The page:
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The Baboon King by Anton Quintana
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The Baboon King

by Anton Quintana

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Morengaru is an out cast. His mother is from the Kikuyu tribe and is father is a Masai. These two tribes are about as different as you can get. The Kikuyu tribe are peaceful farmers and the Masai are hunters. Since Morengaru doesn’t really fit into either one of the tribes he eventually decides to live with his mother’s tribe. A leopard has been killing their cattle and Morengaru kills the leopard. This wins a place in the hearts of the Kikuyu. Then the unthinkable happens. A young boy playing a prank awakens Morengaru from a deep sleep. Morengaru comes face to face with the boy dressed in the leopard skin. Thinking it is the leopard he kills it only to find out too late it was the young boy. He is kicked out of the tribe. He leaves and joins a group of baboons. He learns their ways and he fights the leader to become the head of the pack. He eventually leaves the baboons and returns to the people realizing he need them. This is an interesting book, not one I normally would have picked up off of the shelf to read. ( )
  skstiles612 | Feb 14, 2010 |
From School Library Journal
Grade 8 UpA marvelous trip of discovery, gracefully and grippingly told. Quintana introduces readers to two East African cultures through Morengru, a young man born of a Kikuyu mother and Masai father, and therefore truly of neither group. He now lives alongside, but not exactly among, the Kikuyu, peaceful civilized farmers whom he views through the eyes of his Masai upbringing, thus showing this hunting peoples scorn for what they consider to be earth-grubbers. Morengrus aloof arrogance in this part of the novel will appeal to teens. After accidentally killing a Kikuyu tribesman, Morengru is ceremonially expelled from the village, and he refuses to do the expectedto plead for his readmittancethus exiling himself. However, when he sets off on a solitary journey as a man without a country, his pride begins peeling away. Readers see his fears and the pain of being an outsider. Then he falls in with a troop of baboons and becomes, through a bloody fight with their leader, their new king. He learns the meanings of their various calls and gestures and the structure of their tribal order. The climax comes when Morengru is finally able to contribute to the troop and he realizes that his humanity demands that he return to live among humans. This remarkable novel deserves to be placed alongside such classic looks at the human condition as Lord of the Flies and A Separate Peace, and recommended to readers who loved Gary Paulsens Hatchet (Macmillan, 1986) and are seeking other adventures at a more advanced level.Coop Renner, Coldwell Elementary-Intermediate School, El Paso, TX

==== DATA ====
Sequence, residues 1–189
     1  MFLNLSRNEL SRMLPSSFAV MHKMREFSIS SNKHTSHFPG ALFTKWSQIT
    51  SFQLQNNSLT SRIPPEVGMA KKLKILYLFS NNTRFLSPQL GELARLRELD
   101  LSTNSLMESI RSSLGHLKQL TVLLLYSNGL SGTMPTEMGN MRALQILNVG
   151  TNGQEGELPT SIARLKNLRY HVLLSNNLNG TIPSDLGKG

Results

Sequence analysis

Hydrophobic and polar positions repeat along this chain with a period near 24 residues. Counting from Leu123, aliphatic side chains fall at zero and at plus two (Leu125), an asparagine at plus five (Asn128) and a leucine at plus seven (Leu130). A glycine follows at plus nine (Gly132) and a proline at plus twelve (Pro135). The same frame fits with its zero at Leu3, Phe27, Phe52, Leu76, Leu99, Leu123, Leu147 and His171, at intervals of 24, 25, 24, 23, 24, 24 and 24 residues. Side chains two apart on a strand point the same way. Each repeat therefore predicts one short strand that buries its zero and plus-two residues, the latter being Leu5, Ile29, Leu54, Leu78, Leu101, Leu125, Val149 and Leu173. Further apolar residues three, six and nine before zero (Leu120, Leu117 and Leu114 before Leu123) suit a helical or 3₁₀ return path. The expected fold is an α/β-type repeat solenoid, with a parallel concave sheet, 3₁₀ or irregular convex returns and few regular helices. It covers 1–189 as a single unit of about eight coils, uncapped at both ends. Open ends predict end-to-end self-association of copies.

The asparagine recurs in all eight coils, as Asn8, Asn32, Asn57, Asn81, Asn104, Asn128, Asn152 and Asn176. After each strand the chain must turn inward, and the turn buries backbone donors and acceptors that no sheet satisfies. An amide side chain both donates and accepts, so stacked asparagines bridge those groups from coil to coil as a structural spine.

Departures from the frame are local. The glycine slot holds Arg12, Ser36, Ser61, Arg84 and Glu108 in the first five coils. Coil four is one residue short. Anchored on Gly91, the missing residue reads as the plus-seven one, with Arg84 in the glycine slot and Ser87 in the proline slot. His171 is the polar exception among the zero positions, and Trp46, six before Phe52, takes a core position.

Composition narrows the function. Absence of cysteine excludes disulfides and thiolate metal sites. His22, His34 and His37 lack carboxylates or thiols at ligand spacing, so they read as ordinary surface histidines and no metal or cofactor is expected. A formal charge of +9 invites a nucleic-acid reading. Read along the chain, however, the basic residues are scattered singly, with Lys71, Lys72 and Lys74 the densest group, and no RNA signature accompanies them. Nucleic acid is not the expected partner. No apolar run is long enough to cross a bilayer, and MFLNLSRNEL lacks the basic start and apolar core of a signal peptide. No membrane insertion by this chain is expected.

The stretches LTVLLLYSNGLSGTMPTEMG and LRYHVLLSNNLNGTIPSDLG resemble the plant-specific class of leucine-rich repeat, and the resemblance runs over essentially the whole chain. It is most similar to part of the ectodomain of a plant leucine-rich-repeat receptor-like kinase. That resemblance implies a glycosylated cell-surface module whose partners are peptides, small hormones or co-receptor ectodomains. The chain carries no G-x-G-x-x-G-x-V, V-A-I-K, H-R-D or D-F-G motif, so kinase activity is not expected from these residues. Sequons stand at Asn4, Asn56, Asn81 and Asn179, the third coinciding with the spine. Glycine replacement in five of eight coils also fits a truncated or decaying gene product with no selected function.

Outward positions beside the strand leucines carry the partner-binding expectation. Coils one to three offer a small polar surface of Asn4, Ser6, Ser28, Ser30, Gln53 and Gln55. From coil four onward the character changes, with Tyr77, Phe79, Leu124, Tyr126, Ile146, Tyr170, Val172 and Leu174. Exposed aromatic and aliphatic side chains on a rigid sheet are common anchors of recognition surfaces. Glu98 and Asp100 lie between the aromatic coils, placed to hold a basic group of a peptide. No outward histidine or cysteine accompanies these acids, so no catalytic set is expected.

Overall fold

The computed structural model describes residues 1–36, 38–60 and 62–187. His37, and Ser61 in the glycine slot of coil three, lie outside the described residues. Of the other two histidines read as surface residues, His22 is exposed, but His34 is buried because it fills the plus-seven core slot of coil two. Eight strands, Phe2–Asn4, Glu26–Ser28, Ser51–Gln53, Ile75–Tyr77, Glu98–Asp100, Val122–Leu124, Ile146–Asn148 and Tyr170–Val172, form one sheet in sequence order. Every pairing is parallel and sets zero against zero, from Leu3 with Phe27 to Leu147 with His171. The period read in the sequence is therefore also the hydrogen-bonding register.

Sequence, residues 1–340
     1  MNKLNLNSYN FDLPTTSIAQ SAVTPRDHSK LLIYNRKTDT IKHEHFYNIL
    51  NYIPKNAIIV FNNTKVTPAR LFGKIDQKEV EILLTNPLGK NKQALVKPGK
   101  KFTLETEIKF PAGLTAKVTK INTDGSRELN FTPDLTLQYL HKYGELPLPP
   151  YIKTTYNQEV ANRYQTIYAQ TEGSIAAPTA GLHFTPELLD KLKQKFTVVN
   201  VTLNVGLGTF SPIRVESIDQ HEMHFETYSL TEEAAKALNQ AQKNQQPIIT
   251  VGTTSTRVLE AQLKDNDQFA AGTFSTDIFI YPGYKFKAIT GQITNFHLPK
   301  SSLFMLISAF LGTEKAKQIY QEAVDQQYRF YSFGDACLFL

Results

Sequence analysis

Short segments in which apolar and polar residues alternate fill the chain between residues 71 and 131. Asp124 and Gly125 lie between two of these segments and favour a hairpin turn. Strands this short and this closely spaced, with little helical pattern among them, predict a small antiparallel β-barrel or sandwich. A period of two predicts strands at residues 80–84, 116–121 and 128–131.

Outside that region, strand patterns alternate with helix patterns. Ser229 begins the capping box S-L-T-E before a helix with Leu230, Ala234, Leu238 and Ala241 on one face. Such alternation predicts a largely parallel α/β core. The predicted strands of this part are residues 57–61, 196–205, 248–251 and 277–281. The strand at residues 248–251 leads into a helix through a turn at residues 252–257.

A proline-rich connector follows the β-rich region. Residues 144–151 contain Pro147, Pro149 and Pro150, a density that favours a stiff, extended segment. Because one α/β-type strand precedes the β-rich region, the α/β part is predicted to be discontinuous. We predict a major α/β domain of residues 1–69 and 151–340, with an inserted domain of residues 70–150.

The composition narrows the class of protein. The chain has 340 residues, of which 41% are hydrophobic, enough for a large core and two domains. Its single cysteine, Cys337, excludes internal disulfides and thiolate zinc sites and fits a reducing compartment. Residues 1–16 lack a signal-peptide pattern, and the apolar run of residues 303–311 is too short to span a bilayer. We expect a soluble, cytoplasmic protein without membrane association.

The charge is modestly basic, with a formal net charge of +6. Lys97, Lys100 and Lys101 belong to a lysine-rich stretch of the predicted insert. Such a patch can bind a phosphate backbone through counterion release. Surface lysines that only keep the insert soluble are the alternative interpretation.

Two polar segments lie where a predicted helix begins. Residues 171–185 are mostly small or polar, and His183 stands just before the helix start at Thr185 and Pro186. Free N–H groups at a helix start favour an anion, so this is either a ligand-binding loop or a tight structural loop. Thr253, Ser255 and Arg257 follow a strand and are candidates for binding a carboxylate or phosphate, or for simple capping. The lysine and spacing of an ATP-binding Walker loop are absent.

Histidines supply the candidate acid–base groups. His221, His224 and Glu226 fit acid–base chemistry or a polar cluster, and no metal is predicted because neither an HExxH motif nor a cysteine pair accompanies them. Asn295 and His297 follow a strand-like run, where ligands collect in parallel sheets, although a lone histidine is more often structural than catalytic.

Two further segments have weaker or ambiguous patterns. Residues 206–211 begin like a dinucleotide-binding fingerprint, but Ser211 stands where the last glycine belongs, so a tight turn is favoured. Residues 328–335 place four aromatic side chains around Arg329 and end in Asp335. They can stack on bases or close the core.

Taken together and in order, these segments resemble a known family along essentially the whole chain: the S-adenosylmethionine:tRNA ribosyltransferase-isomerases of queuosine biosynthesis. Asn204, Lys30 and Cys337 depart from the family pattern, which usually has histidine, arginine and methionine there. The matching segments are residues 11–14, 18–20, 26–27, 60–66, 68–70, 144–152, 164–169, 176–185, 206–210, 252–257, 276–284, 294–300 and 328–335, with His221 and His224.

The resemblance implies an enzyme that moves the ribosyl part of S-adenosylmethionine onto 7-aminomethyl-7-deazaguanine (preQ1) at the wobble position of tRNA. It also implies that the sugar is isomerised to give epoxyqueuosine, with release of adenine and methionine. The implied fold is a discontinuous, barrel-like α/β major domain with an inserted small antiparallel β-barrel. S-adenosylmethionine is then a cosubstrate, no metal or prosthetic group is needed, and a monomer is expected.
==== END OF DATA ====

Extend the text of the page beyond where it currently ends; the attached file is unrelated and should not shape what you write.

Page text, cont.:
Copyright 1999 Reed Business Information, Inc.
2nd review
Moregaru's tale falls in the ranks of those that tell of young teens and their fight to fit in and not find themsleves as outcasts. Many of today's teens whether in the southern state of Alabama,the ineer city of Detroit or the outskirts of urban Washinton, D.C. can identify with feeling "left out". Mangaru knows the pain of not being fully accepted by two truly different tribes in Africa. The Kikuyu who have throughout all of time survived as gatherers anad the Masai as hunters of game. The agressive nature of one and the calm nature of the other drive neither to accept Mangaru. Only as he wanders barren Africa does he begin to discover that he can refind himself within the enfolds of humanity again.
  connieh1433 | May 23, 2007 |
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Amazon.com Product Description (ISBN 0440229073, Mass Market Paperback)

Morengaru, a strong young hunter, has been cast out by both his mother’s people, the Kikuyu, and his father’s people, the Masai. Every day he misses human companionship, and soon he feels as though he’s becoming more like the animals around him. When Morengaru has the chance to belong again, he seizes the opportunity. Then he faces the greatest challenge of his life: living among the baboons, still clinging to his humanity, hoping someday to return to his people.

(retrieved from Amazon Mon, 30 Sep 2013 13:22:53 -0400)

(see all 2 descriptions)

Son of a Kikuyu mother and a Masai herdsman father, Morengaru the hunter lives on the edges of tribal society until an actual banishment forces him to make a life for himself among a troop of baboons.

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